I pat myself on the back, which may be a bit sad - but I like to look back over my quit diary (I started 1 week before day 1 and haven't missed a day since) to see how far I have come. That helps a lot, I just open it at a random page (after picking a random book - yes, really!) and have a read at my thoughts on that day.

    Usually I end up thinking.... things have really come a long way after all! Really helps after a bad day at work or something. Plus writing your thoughts down helps me to get them straight in my own head.

    I guess everyone does things differently.

    I quit diary is a great idea! I was going to start a quit blog, but I decided against it, just in case I caved in.

    I have started to swim at the local gym. That seems to help.

    I think writing things down is a really good idea. It is a great way to get things out of the head.

    For me, quitting has become something of a journey of self-discovery. It sounds corny, but it is true.

  • I think all of you that have got this far have done fantastic, all i hope is that i get here to. I did think that maybe at your stage things would get easier but it dont seem to be the case.

    I think a quit diary is a great idea, i wish i had thought about that at the beginning, it would definately make interesting reading to look back on your thoughts during some of the earlier days.

    Anyway, well done to you all and hope things get better for you Antony.

    Denise

    xx

  • I think all of you that have got this far have done fantastic, all i hope is that i get here to. I did think that maybe at your stage things would get easier but it dont seem to be the case.

    Thanks, Denise - I have no doubt that you will get here too.

    For me, it is quite easy now. Most days I do not have to think about the quit at all. I still have moments when I have to remind myself not to be daft, I don't do that any more.... but they can be many days or even weeks apart.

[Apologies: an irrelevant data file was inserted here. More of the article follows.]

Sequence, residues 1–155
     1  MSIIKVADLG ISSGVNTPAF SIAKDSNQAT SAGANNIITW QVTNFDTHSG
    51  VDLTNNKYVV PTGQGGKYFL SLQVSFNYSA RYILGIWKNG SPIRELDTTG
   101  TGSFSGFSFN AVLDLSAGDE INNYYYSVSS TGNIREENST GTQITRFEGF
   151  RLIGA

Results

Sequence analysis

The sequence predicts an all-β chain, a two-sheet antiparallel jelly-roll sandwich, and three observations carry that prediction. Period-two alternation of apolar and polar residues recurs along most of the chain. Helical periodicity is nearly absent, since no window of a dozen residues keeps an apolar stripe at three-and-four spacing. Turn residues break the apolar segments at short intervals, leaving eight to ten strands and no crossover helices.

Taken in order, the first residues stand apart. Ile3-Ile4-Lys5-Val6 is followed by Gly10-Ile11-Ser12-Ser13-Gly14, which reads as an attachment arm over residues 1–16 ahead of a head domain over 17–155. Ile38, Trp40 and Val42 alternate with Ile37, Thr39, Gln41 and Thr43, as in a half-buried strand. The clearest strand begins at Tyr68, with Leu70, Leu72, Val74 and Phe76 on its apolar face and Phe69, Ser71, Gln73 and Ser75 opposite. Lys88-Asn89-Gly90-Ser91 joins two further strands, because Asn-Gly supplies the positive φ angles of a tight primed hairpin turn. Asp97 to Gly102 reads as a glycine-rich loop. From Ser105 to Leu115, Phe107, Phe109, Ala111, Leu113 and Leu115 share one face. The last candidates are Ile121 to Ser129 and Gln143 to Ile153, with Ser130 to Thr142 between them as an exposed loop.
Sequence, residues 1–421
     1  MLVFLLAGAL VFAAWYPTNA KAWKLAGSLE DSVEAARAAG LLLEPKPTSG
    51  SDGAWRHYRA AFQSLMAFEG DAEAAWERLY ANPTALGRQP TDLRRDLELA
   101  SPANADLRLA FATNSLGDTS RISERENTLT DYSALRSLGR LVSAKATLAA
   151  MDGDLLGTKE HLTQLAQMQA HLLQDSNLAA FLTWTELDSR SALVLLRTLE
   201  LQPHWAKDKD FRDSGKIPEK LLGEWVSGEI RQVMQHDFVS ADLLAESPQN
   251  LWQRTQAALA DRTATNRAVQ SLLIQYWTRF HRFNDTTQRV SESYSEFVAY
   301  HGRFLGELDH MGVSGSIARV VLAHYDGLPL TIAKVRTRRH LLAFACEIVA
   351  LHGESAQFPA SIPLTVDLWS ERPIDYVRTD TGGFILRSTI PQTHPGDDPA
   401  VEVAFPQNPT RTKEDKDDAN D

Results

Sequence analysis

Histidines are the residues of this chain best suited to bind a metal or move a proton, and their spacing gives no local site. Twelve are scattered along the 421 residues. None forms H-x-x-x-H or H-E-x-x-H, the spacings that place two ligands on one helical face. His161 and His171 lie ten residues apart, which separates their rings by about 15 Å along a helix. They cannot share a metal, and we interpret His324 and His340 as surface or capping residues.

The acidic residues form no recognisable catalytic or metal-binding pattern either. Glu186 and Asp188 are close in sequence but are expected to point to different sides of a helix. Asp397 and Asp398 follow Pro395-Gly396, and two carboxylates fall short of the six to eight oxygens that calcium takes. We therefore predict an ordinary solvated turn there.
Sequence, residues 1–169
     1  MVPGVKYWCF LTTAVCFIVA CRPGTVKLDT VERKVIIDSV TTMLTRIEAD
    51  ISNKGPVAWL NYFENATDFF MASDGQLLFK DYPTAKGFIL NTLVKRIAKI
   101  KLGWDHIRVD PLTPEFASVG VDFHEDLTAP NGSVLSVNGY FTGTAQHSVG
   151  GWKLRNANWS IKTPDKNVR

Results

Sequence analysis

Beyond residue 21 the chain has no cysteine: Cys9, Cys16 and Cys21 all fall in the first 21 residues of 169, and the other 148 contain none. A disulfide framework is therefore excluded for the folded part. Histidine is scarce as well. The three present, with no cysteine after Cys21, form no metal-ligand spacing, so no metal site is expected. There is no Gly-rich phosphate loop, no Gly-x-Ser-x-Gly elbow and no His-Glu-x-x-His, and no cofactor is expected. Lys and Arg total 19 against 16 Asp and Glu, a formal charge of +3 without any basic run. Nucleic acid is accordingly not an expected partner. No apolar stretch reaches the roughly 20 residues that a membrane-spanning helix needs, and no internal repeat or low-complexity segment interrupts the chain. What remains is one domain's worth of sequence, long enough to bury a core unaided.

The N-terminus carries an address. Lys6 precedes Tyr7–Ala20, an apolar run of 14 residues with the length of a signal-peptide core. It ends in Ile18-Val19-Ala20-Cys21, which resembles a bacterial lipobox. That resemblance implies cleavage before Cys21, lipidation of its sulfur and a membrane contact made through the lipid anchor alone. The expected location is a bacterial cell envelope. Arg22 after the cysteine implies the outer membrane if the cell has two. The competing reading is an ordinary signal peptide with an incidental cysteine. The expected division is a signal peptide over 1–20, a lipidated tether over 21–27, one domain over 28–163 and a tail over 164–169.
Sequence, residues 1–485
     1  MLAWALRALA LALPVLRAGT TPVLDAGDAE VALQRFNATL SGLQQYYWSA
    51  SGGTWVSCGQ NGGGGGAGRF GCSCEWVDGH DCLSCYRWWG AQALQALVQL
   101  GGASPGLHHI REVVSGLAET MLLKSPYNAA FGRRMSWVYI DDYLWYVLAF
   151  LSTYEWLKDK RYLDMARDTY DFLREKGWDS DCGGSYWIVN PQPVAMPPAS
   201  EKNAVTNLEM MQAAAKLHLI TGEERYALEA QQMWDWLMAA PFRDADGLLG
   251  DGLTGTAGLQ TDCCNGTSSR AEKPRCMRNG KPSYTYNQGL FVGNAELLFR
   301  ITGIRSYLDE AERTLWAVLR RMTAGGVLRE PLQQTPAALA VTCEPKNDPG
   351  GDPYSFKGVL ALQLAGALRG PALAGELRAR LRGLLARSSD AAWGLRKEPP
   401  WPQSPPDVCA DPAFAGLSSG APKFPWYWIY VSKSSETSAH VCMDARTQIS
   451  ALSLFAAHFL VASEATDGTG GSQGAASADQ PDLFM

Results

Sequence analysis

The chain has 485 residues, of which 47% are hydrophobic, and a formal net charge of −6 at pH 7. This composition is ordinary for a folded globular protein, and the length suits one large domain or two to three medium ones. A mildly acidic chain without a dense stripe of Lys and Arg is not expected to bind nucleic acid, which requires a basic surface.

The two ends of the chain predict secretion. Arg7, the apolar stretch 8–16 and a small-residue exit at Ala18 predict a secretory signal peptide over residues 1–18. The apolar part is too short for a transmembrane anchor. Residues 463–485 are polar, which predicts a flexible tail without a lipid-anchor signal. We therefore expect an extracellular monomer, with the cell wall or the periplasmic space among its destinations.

So don't lose heart... it really does get much easier, and I am certain that it will for Antony soon.

  • Thanks Stuart, very comforting to hear that :)

    Denise

    xx

  • Thanks, Denise - I have no doubt that you will get here too.

    For me, it is quite easy now. Most days I do not have to think about the quit at all. I still have moments when I have to remind myself not to be daft, I don't do that any more.... but they can be many days or even weeks apart.

    So don't lose heart... it really does get much easier, and I am certain that it will for Antony soon.

    Second what stuart says ... there are days when I think about smoking alot and it really p**ses me off:o but on others it doesn't crop up at all...

    Each and everyone of us is different in the way we react to quitting and the way our minds and bodies recover and the length of time it takes...but you will get there and it will get easier:D

    stay strong...

    nicky

  • I think all of you that have got this far have done fantastic, all i hope is that i get here to. I did think that maybe at your stage things would get easier but it dont seem to be the case.

    Although I might moan about it, I can HONESTLY say that it does get a whole lot easier. Stopping smoking is the single most important thing any smoker will do in his/her lifetime. No one ever said it would be easy, but it is well worth it in the end.

    After almost 4 months of fresh air I do feel a whole lot better!! I smoked for 8ish years, so I realize that it will take a while to retrain my brain.

    Stay positive!!